California Is Ready for a Fight Over Tailpipe Emissions. Here’s Why.

California and a coalition of 16 other states and the District of Columbia sued the Trump administration over its plan to roll back greenhouse gas emissions standards for cars, trucks and S.U.V.s.

The move comes days after reports that the Environmental Protection Agency and Transportation Department plan to dramatically weaken federal auto emissions rules. California, which holds a waiver under the Clean Air Act that allows it to set its own standards for vehicle exhaust pollution, has pledged to stick with stricter Obama-era targets.

The problem for California is that they need to lower vehicle emissions if it wants to achieve its ambitious climate change goals. The Trump Administration are making that effort at the state level twice as hard.

Read about the full story here:

Congested Traffic Pic.png

Vikings Razed the Forests. Can Iceland Regrow Them?

The country lost most of its trees long ago. Despite years of replanting, it isn’t making much progress.

The country lost most of its trees more than a thousand years ago, when Viking settlers took their axes to the forests that covered one-quarter of the countryside. Now Icelanders would like to get some of those forests back, to improve and stabilize the country’s harsh soils, help agriculture and fight climate change.

No one expects that one-quarter of Iceland will ever be covered in forests again. But given slow growth rates and the enormity of the task, even more modest gains will take a long time, Mr. Thorvaldsson said.

“The aim now is that in the next 50 years we might go up to 5 percent,” he said. “But at the speed we’re at now, it would take 150 years to do that.”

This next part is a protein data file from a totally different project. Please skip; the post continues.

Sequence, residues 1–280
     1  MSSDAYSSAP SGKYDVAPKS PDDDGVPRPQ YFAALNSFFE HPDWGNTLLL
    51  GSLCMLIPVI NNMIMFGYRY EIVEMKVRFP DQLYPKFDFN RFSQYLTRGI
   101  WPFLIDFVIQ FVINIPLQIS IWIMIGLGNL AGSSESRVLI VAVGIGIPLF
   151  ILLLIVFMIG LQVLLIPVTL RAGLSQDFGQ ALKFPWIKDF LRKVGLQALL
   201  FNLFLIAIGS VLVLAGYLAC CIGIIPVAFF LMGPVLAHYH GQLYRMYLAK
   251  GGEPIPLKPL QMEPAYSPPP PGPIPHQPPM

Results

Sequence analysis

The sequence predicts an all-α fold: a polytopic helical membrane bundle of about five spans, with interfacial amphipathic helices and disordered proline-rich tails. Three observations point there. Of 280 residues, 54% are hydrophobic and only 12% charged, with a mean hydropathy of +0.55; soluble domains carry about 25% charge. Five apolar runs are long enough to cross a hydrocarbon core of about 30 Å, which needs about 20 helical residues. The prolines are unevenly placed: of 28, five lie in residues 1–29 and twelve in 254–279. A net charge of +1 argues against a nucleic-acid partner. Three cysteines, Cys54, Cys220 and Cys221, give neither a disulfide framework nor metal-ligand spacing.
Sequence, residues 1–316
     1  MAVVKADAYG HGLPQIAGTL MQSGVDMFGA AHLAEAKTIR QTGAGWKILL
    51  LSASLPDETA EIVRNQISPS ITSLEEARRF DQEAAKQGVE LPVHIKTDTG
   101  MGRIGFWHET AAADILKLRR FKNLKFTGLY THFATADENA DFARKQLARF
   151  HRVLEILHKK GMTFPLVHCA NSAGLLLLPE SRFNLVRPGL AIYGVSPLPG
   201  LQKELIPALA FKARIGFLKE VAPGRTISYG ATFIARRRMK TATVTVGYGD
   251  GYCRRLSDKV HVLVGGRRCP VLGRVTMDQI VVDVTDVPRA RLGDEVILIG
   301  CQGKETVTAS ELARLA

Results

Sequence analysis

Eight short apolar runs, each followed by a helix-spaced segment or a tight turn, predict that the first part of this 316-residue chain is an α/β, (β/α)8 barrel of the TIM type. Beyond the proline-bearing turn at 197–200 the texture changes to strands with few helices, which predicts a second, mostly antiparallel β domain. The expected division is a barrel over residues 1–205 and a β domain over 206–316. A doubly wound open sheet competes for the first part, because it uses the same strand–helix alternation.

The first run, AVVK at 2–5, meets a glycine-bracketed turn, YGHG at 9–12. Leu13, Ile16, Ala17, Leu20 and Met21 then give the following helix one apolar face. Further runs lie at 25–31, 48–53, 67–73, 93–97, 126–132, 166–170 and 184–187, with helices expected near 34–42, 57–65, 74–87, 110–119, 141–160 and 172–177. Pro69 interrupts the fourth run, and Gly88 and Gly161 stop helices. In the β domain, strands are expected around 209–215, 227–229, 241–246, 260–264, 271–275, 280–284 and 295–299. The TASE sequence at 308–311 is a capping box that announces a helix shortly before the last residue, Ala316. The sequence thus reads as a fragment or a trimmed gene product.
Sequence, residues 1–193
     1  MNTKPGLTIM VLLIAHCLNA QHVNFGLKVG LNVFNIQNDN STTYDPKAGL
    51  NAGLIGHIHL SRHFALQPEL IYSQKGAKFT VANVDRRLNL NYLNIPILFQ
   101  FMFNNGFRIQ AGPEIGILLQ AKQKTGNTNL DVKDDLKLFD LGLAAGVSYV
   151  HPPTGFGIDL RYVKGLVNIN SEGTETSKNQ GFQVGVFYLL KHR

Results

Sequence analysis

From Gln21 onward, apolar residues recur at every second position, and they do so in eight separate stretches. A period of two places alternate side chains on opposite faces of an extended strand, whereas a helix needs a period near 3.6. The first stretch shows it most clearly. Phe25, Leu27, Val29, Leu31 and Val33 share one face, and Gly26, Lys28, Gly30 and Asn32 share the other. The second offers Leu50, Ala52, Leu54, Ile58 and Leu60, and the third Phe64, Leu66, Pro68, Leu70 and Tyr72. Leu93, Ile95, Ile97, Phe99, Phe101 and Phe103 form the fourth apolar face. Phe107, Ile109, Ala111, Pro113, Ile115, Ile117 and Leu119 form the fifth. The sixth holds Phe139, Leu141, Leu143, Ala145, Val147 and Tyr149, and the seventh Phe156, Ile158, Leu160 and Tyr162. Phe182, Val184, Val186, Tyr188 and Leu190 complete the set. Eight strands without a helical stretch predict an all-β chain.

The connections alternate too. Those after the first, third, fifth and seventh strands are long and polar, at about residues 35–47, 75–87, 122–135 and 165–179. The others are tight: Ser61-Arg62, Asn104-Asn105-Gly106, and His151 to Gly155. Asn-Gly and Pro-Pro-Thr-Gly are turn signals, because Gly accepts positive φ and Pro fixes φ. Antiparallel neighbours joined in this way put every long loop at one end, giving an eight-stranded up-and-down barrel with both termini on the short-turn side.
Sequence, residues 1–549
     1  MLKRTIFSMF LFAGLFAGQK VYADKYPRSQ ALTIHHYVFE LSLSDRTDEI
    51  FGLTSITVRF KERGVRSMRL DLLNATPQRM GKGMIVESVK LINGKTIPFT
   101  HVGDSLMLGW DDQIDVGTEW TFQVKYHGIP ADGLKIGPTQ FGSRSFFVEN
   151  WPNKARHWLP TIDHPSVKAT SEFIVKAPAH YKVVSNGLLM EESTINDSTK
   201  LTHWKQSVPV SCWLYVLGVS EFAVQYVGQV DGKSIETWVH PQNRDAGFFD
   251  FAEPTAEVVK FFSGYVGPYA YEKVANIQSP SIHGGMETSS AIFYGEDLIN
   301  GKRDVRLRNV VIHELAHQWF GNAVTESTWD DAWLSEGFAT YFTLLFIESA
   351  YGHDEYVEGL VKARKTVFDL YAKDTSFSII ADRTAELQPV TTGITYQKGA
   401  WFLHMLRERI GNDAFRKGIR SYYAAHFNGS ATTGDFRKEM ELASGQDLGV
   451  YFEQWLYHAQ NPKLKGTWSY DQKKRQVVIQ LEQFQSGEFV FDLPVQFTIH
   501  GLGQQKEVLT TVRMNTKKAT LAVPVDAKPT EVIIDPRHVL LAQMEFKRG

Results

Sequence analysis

It certainly sounds like a daunting task but given the severity of the depletion and the break taking beauty of the landscape there’s not you can do put take one step at a time forward in a positive direction.

Read about the full story here:

#forestrestoration #ClimateChange #OneWorldBracelet #EnvironmentalProtection

 A reforestation site in Southern Iceland. The amount of land in the country covered in forest is still tiny.

A reforestation site in Southern Iceland. The amount of land in the country covered in forest is still tiny.

Loss of Federal Protections May Imperil Pacific Reefs, Scientists Warn

Fisheries officials call the marine national monuments unnecessary, and their boundaries are said to be under review by the Trump administration.

HONOLULU — Terry Kerby has been piloting deep-sea submarines for four decades, but nothing prepared him for the devastation he observed recently on several underwater mountains called seamounts in the middle of the Pacific Ocean.

“It was a biological desert,” he said. Where normally fish and crabs dart about forests of coral and sponges, “all we could can see was a parking lot full of nets and lines, with no life at all.”

The Trump administration is considering rolling back federal protections for 10 national monuments, including two in the central Pacific. The Pacific Remote Islands National Marine Monument and the Rose Atoll National Marine Monument protect the waters around a handful of islands, most uninhabited, to the south of the Hawaiian Islands.

Here we go again. This administration is doing the exact opposite of what we need to help save our few remaining natural resources. So sad.

Read the full article here:

loss of federal protection for pacific reefs.png